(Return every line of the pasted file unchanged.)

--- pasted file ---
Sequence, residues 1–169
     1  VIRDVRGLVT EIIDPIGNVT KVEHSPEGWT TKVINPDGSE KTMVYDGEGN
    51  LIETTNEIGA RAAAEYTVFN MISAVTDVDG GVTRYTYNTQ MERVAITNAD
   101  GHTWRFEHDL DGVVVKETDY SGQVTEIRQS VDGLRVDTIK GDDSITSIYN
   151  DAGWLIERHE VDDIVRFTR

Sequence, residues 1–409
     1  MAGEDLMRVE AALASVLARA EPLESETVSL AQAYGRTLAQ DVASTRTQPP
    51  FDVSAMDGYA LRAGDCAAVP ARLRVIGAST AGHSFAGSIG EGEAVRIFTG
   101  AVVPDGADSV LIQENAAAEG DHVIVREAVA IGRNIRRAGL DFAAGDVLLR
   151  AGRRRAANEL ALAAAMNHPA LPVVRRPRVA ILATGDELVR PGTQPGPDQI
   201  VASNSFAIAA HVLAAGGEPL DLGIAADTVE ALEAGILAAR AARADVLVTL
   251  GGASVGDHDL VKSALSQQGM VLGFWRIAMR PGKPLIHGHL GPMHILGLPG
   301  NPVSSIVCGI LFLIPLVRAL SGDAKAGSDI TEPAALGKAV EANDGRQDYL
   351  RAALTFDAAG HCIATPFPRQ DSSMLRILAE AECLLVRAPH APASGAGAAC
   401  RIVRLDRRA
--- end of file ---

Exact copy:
Sequence, residues 1–169
     1  VIRDVRGLVT EIIDPIGNVT KVEHSPEGWT TKVINPDGSE KTMVYDGEGN
    51  LIETTNEIGA RAAAEYTVFN MISAVTDVDG GVTRYTYNTQ MERVAITNAD
   101  GHTWRFEHDL DGVVVKETDY SGQVTEIRQS VDGLRVDTIK GDDSITSIYN
   151  DAGWLIERHE VDDIVRFTR

Sequence, residues 1–409
     1  MAGEDLMRVE AALASVLARA EPLESETVSL AQAYGRTLAQ DVASTRTQPP
    51  FDVSAMDGYA LRAGDCAAVP ARLRVIGAST AGHSFAGSIG EGEAVRIFTG
   101  AVVPDGADSV LIQENAAAEG DHVIVREAVA IGRNIRRAGL DFAAGDVLLR
   151  AGRRRAANEL ALAAAMNHPA LPVVRRPRVA ILATGDELVR PGTQPGPDQI
   201  VASNSFAIAA HVLAAGGEPL DLGIAADTVE ALEAGILAAR AARADVLVTL
   251  GGASVGDHDL VKSALSQQGM VLGFWRIAMR PGKPLIHGHL GPMHILGLPG
   301  NPVSSIVCGI LFLIPLVRAL SGDAKAGSDI TEPAALGKAV EANDGRQDYL
   351  RAALTFDAAG HCIATPFPRQ DSSMLRILAE AECLLVRAPH APASGAGAAC
   401  RIVRLDRRA